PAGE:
However it originated, though, the usage of “because-noun” (and of “because-adjective” and “because-gerund”) is one of those distinctly of-the-Internet, by-the-Internet movements of language. It conveys focus (linguist Gretchen McCulloch: “It means something like ‘I’m so busy being totally absorbed by X that I don’t need to explain further, and you should know about this because it’s a completely valid incredibly important thing to be doing’”). It conveys brevity (Carey: “It has a snappy, jocular feel, with a syntactic jolt that allows long explanations to be forgone” “It has a snappy, jocular feel, with a syntactic jolt that allows long explanations to be forgone”).
But it also conveys a certain universality. When I say, for example, “The talks broke down because politics,” I’m not just describing a circumstance. I’m also describing a category. I’m making grand and yet ironized claims, announcing a situation and commenting on that situation at the same time. I’m offering an explanation and rolling my eyes — and I’m able to do it with one little word. Because variety. Because Internet. Because language.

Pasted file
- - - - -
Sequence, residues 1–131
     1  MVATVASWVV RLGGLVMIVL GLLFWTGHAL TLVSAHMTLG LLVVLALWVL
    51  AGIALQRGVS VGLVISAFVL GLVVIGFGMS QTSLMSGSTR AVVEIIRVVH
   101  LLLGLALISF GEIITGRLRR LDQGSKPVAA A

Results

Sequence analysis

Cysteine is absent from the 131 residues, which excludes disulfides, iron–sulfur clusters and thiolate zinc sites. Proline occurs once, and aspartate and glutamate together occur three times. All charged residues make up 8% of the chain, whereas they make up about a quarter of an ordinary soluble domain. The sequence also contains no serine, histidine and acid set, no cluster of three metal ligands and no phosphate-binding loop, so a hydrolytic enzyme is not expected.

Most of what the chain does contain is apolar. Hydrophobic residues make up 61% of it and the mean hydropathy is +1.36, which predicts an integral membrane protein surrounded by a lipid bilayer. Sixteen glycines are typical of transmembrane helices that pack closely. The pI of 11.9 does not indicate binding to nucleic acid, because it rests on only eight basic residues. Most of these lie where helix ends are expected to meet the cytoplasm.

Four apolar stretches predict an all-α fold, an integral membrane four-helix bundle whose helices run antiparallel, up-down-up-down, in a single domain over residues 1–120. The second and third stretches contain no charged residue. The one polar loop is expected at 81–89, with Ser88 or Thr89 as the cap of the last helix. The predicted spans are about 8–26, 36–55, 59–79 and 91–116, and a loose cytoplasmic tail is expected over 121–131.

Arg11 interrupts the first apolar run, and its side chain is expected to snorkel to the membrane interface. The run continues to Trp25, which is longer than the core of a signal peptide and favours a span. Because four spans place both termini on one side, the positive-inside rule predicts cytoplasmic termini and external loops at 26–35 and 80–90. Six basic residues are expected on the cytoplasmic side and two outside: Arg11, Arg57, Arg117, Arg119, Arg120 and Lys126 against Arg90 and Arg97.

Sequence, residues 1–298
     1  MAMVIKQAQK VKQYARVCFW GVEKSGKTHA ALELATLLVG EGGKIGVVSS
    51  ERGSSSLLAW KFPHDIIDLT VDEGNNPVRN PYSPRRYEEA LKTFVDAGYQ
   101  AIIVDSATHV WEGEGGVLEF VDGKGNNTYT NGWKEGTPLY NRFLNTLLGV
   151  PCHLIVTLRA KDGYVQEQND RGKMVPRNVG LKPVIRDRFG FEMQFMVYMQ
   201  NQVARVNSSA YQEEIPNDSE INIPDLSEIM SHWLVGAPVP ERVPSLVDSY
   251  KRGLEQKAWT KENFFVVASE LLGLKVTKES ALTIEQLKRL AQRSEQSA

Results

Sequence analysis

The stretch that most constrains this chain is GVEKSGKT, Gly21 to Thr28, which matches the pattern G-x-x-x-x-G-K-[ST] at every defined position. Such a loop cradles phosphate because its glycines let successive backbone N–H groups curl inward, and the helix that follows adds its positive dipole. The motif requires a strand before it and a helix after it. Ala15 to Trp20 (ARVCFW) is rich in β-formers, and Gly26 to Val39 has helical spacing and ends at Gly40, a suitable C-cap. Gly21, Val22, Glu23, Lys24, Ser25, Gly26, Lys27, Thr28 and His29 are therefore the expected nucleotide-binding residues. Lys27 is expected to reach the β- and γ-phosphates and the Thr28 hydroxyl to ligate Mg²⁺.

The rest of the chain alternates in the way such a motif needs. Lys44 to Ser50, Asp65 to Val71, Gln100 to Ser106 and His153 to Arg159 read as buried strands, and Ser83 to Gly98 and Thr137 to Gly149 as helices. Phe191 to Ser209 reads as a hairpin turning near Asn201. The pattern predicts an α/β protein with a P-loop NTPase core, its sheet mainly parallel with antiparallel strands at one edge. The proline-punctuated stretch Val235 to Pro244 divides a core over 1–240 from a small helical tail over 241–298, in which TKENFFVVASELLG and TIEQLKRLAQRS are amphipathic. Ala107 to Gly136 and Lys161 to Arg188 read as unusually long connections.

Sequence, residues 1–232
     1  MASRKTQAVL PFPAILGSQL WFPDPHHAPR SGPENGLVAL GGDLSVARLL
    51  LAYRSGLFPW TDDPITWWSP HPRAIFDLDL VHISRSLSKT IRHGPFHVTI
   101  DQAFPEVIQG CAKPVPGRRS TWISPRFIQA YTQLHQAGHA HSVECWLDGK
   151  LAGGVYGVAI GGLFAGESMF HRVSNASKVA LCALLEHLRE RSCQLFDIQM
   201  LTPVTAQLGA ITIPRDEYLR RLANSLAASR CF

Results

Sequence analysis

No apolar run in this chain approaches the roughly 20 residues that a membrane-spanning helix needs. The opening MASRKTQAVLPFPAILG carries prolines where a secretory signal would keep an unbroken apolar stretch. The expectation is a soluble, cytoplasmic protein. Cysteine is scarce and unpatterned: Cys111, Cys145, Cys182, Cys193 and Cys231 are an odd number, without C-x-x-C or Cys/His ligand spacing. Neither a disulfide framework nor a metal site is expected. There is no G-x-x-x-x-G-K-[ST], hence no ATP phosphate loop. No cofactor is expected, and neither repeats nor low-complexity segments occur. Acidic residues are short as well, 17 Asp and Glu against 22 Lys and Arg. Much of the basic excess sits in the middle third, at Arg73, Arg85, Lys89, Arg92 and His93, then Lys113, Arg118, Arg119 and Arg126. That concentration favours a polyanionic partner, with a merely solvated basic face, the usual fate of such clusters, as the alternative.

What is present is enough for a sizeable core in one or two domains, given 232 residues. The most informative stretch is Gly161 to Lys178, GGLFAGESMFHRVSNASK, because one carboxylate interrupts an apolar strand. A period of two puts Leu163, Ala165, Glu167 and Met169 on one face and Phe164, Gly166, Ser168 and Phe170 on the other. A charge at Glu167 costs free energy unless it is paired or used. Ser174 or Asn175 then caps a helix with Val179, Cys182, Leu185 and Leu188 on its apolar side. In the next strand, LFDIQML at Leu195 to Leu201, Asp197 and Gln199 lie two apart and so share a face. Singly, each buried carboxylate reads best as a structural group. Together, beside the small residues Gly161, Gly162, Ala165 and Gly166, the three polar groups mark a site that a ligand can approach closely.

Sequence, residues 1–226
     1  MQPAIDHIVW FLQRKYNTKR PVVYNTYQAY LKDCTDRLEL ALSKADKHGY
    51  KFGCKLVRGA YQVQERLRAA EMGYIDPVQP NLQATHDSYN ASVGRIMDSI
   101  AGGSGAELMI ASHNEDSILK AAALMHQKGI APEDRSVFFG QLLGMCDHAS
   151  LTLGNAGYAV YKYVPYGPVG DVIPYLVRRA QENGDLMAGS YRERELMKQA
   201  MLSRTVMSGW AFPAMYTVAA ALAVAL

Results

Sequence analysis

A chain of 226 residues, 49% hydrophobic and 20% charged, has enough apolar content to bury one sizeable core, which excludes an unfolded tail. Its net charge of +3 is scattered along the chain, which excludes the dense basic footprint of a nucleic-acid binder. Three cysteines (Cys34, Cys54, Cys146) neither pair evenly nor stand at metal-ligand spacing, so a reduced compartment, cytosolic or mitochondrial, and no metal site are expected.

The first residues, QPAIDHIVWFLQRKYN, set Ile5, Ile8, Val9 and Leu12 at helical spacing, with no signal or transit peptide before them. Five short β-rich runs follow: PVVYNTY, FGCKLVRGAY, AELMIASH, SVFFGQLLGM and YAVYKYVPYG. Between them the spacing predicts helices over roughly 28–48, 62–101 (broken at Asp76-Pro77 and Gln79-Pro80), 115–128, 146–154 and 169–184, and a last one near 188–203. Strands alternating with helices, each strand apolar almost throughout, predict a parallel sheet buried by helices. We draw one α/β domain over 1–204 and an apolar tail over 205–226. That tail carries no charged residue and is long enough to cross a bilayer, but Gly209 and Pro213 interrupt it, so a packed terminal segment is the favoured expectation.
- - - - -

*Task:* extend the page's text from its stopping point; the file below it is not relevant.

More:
Reblogging. Because linguistics.
it’s really interesting how so many mythological creatures that are exclusively female (harpies, banshees, sirens) are described as having really piercing or unpleasant or otherwise notable voices? sirens kill men with their songs, banshees shriek when someone is about to die, harpies are awful cawing bird-women
(watch out for the girls who know how to make noise; we are monsters)
I’ve seen some posts suggesting a Welcome to Night Vale/Better off Ted crossover where Veridian Dynamics is Strex Corp and that sounds so completely perfect.
I took me quite a while to realize it, but now we know that Veronica and Cecil have the same last name…